Christian Zanési was born in Lourdes in 1952. He began his musical training at the University of Pau with Marie-Françoise Lacaze and Guy Maneveau from 1974 to 1975, and continued at the Paris Conservatory with Pierre Schaeffer and Guy Reibel from 1976 to 1977. Attracted by music on tape after having heard a work by Bernard Parmegiani, he joined, in 1977, the Groupe de Recherches Musicales (GRM) at Ina and completed his apprenticeship. It was there that he practised all lines of work in sound – from sound recording to broadcasting – and he multiplied his experiences and his encounters. He has been the instigator of various box-sets of CDs: Archives GRM; Bernard Parmegiani, l'œuvre musicale; Luc Ferrari, l'œuvre électronique. Christian Zanési was also the initiator of musical events, including the festival ‘Présences électroniques’. A pedagogue of electro-acoustic music on the radio, he produced and directed the broadcasts ‘Electromania’, ‘Akousma’ and ‘Fins de mois difficiles’ on France Musique and directed the acousmatic broadcasts ‘Prières d’écouter’ and ‘Multipiste’. In 1994, with Jean-Yves Bosseur and Marianne Lyon, he founded the association Ars Sonora for helping and promoting electro-acoustic music through various activities: support for concerts, the organisation of national seminars, the participation in international exchanges and the publication of a three-monthly electronic periodical, Ars Sonora Revue.
Christian Zanési also organises music composition seminars in France and in Europe. He was deputy director of the Ina-GRM until 2015.
As a composer, Christian Zanési has devoted himself exclusively to electro-acoustic music. Since the 1990s he has composed in his home studio and draws inspiration from the poetic encounter with remarkable sounds. He has been able to integrate and go beyond the influences claimed by elders such as Bernard Parmegiani and Karlheinz Stockhausen (to whom he paid tribute in 1995 with Arkheion, les mots de Stockhausen) in order to forge a style both powerful and lyrical, projected into time that he treats as a space to be crossed. He feels that music is like a “grand noise”, sculpted from within by a thousand details and opening up like a living organism so that the listening process can circulate within it in all directions. His work pushes him towards the mastery of stereophonic space and he prefers to deal with sounds that originate from modern traffic: cars, trains, aeroplanes. Christian Zanési also collaborates with other artistes, notably the sculptor Bauduin for whom he has created aural environments, and the visual artiste Pierre Galais who constructed light installations that can transform a particular context and plunge listeners into propitious listening modes. He has also composed for the cinema (Entre chiens et loups by Jean Louis Le Tacon, 1991; Les Maîtres du temps, 1982 and Gandahar-Les Années lumière, 1988, full-length animated films by René Laloux) as well as for the theatre (Les mille et une nuits, 1994 and Les chevaliers de la Table ronde, 1996, by François Joxe) and dance (Po-de-bal by José Montalvo, 1992; Le paradoxe de la femme poisson by Michel Kelemenis, 1998).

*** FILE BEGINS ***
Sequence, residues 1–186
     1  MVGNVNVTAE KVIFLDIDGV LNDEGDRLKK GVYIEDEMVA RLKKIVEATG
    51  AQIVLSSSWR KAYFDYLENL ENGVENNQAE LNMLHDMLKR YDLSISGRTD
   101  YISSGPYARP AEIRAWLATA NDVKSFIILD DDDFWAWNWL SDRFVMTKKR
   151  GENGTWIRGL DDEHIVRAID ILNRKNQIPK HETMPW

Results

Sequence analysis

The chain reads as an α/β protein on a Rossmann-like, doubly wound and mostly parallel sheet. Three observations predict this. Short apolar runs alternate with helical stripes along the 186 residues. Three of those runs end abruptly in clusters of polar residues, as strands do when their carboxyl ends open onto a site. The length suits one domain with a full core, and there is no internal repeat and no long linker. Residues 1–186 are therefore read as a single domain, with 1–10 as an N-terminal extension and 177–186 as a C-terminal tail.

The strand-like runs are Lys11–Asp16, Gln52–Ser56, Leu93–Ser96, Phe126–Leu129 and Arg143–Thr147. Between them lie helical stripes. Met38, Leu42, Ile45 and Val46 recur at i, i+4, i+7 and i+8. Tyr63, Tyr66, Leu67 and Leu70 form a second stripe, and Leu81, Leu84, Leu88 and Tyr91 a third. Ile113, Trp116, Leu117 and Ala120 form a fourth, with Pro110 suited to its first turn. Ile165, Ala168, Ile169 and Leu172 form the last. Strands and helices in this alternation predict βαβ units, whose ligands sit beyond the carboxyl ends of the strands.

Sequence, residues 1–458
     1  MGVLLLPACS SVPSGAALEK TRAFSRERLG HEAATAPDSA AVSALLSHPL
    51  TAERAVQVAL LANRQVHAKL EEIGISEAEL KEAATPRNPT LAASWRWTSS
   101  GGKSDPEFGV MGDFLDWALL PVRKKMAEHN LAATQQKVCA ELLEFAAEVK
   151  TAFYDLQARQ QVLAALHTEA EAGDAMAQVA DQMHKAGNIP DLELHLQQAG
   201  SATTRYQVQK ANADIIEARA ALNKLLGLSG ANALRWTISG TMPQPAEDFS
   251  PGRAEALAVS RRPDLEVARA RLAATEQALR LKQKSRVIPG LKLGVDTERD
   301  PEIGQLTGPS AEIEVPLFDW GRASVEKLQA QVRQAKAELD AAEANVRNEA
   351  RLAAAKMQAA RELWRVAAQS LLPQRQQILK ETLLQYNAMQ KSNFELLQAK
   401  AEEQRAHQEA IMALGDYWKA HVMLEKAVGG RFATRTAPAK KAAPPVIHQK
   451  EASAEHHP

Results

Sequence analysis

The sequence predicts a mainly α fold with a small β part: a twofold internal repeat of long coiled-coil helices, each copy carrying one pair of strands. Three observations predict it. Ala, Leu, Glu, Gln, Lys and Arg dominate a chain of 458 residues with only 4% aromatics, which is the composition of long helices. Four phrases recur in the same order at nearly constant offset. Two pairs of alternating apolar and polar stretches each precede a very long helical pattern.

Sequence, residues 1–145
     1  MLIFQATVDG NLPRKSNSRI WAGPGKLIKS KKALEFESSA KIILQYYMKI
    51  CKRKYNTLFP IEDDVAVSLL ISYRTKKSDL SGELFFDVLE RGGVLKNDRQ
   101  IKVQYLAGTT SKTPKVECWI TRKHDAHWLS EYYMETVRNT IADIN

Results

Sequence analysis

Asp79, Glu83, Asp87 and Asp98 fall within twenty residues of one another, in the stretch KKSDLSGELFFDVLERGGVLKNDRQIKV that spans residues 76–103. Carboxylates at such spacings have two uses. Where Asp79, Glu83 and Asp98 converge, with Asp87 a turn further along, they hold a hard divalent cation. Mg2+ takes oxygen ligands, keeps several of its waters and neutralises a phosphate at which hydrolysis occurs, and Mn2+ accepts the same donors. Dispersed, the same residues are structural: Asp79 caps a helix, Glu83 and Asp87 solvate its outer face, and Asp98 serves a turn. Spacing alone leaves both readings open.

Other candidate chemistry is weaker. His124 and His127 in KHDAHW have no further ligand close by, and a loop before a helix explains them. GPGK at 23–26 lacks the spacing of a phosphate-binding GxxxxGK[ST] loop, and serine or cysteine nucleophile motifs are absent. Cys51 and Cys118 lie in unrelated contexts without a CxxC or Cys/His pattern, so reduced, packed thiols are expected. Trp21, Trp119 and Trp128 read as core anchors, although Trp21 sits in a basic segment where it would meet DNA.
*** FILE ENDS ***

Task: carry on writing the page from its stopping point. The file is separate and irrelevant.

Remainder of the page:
His works include: Stop! L'horizon, that brought him recognition in 1983; Profil-désir (1988);Grand Bruit (), the result of successive recordings made in the Parisian metro; Arkheion, la voix de Pierre Schaeffer (1997), in which Christian Zanési worked on documents from the sound archives of Pierre Schaeffer; Saphir, sillons, silences (1998), expressing the idea of a theatre featuring old images; Constructions métalliques (2001); 2006, L’aube rouge (2006), a piece based on the sound of an alarm found on a synthesiser built at the GRM, an electronic sound that is not gentle and soothing, instead rather strained, almost acid; Sémaphores (2008) composed with electronic signals ; Ambiance Matisse, premiered at Zentrum für kunst und Medientechnologie of Karlsruhe (2010) ; Frontières, premiered at palais de Tokyo in Paris, by Christian Zanesi, Arnaud Rebotini and Zita Cochet (2014).